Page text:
Pax Tecum 2019


Questions of Light Photography

December, Christmas, Hanukkah, Yule, Solstice. This time of year is so many things to so many people.

For some reason, this Advent and Christmas has been more emotional for me than usual. I’ve been missing all of the people who aren’t with us any longer – my parents and my wife’s parents, my sister-in-law, my friend Peggy, pets who’ve crossed the Rainbow Bridge. I keep tearing up at odd moments, which is most unhelpful at work or pulling into parking lots to go do my shopping with a red nose and puffy eyes.

As I’ve written in the last two December Pax Tecum blogs, the political climate doesn’t make it any easier.

The photo above is titled Ethereal. The photographer said it was of a small stream trying to get out to sea, battling against the incoming waves. One inexorable force battling another. Except, as big as the ocean is, we know the small stream will eventually win. Its waters will become part of the sea. It may be beaten back temporarily; the ocean’s power may seem too big to fight, but the stream will keep pushing forward. Because it must.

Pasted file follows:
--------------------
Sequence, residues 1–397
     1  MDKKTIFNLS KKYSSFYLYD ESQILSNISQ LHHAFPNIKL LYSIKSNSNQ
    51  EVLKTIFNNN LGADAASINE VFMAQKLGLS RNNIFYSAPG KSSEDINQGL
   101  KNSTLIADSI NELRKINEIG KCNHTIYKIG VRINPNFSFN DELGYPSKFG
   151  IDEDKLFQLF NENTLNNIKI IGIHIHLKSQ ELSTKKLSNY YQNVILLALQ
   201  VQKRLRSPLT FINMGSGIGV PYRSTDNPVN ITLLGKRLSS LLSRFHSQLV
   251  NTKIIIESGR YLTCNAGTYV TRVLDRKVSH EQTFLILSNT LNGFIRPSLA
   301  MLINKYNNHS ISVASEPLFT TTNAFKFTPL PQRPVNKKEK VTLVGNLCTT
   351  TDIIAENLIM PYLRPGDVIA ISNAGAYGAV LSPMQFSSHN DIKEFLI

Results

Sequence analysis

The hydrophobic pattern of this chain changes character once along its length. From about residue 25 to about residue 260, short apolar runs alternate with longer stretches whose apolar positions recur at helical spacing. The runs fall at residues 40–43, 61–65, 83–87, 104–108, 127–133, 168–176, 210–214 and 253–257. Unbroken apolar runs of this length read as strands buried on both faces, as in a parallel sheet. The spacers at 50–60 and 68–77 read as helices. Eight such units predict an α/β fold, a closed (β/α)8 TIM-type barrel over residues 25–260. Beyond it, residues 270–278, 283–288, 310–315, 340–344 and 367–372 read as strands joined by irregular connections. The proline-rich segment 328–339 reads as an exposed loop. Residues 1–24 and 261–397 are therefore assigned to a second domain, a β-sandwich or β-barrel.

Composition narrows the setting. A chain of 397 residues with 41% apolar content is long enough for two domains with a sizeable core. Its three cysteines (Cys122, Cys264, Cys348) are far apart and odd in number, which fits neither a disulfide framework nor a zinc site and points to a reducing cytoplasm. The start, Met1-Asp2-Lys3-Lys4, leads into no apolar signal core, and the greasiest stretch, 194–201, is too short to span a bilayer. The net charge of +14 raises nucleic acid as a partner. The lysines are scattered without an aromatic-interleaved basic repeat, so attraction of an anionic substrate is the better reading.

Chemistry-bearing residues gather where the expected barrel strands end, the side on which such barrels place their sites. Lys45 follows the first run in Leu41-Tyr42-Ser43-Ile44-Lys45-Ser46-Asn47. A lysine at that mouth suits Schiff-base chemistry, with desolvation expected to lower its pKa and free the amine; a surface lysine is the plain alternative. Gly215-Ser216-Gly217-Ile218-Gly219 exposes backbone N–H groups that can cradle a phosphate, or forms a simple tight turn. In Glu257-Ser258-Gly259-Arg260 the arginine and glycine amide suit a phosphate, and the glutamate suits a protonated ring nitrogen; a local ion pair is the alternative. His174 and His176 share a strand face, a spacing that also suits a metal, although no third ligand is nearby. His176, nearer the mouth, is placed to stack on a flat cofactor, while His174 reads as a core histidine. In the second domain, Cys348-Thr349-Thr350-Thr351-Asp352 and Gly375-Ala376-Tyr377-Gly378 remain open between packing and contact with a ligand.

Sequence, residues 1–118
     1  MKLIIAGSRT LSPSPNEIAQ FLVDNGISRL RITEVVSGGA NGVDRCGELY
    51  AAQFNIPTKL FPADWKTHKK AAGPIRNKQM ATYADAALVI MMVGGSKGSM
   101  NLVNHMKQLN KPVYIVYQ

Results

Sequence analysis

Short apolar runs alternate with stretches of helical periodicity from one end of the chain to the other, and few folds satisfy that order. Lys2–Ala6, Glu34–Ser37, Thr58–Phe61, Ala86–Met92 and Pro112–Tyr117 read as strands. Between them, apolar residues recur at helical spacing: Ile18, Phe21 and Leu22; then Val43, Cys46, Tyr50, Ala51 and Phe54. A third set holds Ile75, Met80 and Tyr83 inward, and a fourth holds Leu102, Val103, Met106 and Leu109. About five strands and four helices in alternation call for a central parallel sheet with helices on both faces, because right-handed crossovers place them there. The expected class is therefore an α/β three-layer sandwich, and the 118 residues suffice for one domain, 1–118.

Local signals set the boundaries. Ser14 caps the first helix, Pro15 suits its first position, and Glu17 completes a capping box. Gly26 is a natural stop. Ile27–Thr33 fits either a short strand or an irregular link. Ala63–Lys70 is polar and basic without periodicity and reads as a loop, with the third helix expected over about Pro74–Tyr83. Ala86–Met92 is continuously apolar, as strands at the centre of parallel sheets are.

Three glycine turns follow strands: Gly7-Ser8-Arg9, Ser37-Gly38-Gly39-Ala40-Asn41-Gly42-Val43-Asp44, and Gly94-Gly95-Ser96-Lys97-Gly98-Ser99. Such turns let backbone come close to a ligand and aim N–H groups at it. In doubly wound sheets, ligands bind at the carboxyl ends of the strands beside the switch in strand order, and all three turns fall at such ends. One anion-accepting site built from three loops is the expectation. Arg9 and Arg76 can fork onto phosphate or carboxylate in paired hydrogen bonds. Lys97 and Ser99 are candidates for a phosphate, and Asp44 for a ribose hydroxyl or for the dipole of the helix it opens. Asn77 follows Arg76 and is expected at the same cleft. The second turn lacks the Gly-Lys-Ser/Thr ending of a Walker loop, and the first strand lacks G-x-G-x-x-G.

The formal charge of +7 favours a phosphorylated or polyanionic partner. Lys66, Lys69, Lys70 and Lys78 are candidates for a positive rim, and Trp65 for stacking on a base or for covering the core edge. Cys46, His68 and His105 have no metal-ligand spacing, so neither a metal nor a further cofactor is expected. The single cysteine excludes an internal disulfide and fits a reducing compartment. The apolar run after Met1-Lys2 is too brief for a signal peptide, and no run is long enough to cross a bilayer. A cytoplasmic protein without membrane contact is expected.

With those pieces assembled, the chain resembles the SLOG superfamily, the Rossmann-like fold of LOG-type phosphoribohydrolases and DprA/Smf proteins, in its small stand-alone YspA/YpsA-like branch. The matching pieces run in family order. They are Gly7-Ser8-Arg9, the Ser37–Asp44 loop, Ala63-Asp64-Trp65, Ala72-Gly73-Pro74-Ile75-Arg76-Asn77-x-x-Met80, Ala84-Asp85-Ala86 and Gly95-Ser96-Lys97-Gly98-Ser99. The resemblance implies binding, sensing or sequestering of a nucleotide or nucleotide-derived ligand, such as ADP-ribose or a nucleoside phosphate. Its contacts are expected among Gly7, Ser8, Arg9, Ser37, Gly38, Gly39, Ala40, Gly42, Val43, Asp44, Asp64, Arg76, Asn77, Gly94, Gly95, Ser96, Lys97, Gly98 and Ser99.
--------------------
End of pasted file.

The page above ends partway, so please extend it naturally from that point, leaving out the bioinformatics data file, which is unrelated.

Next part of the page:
As I wrote just this morning to a friend, it seems as if the world is on fire. Australia and California literally are. But other, less literal, fires are burning everywhere. It seems too overwhelming, too powerful, too big to fight.

But we will. Because we must. We will do what we can do. One kind act at a time. One donation at a time. One protest at a time. One voice at a time raised in defiance of tyranny. When my act, my voice, my protest is joined with yours and all of the others out there, we are like that small stream. We may be pushed back. We may be overcome for a while, but if we persist, we will triumph over the forces that would divide us.